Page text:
Source — Associated Press

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Life at Brazilian prison where 'the state has lost control'

For nearly two years, guards didn’t dare enter the cell blocks at the Alcacuz prison in northeastern Brazil. And with good reason. Only about a dozen at a time are supposed to watch some 1,500 inmates, whose gangs are supplied through tunnels that let them bring in guns, knives, cellphones and just about anything else.

The lockup, nicknamed “Swiss cheese” by residents of the surrounding neighborhood, saw a Jan. 14 riot in which 26 prisoners died — and officials here are still trying to finally regain full control.

“The state has lost control,” Vilma Batista, a guard at Alcacuz and president of the correction officers union in Rio Grande do Norte state, told The Associated Press, speaking just outside the prison in the wake of the clashes. “We have lost all of the buildings in the prison where there are inmates, who remain in command and in control.”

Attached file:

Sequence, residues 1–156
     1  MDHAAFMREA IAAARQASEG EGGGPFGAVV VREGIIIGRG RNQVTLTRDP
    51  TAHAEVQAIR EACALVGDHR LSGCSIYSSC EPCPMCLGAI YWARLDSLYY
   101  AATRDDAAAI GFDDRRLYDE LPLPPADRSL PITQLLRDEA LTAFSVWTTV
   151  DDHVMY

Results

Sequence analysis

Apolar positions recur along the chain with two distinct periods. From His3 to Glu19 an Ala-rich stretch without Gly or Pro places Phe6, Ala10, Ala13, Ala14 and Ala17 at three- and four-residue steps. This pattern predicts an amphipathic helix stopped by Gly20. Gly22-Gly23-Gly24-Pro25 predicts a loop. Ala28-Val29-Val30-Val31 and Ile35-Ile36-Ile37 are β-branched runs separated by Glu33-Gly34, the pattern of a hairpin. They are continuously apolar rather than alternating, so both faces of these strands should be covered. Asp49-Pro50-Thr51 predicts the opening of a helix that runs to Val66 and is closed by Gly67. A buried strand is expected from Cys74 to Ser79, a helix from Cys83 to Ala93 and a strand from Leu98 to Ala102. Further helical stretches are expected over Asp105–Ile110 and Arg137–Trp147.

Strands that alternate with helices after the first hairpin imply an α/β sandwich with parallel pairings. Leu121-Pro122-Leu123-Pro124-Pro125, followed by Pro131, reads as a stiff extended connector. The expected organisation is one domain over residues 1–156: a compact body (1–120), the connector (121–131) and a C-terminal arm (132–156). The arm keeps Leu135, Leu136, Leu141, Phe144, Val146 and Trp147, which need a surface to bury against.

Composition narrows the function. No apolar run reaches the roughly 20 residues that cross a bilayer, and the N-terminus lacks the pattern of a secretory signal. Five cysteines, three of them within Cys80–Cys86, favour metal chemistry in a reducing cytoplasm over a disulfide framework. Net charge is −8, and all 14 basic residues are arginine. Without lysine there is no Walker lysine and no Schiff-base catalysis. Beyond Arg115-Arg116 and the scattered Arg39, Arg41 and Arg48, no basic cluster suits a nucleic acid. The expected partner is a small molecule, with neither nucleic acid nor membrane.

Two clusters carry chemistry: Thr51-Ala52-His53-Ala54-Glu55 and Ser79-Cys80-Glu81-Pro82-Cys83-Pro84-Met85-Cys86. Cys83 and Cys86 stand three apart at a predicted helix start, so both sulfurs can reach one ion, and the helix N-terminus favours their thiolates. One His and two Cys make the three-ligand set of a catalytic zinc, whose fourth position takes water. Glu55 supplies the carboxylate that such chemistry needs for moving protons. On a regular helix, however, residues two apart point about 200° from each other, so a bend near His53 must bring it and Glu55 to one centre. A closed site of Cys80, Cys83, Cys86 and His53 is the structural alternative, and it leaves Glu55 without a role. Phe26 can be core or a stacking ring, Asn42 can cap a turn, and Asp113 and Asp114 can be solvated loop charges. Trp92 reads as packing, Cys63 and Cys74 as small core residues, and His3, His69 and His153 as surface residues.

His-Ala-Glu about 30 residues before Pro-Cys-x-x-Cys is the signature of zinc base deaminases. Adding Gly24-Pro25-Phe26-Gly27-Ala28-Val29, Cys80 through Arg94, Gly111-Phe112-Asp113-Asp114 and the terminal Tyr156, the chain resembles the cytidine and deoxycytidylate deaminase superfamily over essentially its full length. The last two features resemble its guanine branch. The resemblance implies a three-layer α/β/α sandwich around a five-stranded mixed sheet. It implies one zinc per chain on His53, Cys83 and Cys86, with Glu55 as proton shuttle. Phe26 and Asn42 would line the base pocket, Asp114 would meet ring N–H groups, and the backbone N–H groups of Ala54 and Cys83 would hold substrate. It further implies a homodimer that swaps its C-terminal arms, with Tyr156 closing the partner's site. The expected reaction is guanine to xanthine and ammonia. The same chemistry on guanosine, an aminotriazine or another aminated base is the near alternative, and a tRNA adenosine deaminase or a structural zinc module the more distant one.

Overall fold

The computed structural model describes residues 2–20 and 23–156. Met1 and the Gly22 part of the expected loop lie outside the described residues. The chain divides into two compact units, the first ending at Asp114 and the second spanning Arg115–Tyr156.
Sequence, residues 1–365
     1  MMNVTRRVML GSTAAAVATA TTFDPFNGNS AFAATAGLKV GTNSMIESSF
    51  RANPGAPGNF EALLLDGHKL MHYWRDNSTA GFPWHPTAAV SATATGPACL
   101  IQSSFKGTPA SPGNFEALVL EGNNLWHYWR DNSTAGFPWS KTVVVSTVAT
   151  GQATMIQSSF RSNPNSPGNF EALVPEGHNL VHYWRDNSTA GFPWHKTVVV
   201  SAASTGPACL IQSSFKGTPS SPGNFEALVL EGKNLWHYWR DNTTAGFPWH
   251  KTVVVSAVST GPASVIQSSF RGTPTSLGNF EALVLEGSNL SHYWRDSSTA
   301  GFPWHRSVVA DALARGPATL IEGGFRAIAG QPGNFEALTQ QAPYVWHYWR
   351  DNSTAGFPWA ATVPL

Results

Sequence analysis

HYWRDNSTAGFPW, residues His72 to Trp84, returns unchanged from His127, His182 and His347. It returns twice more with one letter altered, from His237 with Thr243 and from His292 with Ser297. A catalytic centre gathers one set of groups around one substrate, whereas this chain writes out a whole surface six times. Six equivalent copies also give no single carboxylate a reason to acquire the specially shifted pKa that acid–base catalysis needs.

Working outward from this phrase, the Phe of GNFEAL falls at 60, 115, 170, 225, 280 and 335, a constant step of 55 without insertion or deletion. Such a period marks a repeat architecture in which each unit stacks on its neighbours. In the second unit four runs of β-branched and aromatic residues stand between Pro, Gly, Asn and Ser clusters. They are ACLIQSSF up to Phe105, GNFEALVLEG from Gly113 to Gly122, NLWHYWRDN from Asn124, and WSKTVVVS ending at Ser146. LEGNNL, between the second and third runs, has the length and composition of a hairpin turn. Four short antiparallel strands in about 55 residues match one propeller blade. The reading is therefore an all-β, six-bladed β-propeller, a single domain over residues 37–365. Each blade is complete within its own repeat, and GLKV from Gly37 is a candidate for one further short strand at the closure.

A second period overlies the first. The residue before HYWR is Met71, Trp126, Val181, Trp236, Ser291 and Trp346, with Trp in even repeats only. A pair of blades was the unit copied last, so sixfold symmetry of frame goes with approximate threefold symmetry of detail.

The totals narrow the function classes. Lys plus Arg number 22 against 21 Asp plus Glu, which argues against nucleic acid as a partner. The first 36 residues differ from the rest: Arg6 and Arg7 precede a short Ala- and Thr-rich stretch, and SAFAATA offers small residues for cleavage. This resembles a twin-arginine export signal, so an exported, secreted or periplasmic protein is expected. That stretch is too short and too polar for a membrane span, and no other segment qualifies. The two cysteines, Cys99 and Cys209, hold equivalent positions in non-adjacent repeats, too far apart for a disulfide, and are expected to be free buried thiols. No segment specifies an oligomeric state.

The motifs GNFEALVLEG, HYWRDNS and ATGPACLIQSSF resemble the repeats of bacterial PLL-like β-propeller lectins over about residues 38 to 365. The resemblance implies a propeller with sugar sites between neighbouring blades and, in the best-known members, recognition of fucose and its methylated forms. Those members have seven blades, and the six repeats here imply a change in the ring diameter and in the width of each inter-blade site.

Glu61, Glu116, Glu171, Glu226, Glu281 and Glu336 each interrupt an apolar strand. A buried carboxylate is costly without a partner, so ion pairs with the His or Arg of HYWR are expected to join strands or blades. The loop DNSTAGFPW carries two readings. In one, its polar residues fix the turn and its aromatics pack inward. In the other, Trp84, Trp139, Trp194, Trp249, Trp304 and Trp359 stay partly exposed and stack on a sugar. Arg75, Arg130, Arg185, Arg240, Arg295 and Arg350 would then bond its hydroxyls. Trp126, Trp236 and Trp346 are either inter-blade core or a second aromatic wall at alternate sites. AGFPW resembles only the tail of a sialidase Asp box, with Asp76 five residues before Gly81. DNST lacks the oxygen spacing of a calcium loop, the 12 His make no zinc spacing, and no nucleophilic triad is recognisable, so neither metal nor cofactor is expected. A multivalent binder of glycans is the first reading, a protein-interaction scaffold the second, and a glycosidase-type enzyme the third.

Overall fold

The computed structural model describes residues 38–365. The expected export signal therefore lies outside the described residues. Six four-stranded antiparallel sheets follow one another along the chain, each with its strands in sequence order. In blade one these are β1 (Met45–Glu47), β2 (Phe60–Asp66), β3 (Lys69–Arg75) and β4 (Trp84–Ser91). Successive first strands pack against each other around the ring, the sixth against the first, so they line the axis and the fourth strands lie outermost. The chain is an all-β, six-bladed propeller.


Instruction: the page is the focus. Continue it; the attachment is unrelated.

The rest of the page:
Alcacuz is among the worst prisons in Brazil, but by no means an aberration. The problems here can be found across Latin America’s largest nation, which is experiencing a wave of prison massacres and unrest that have left at least 130 inmates dead since the beginning of the year.

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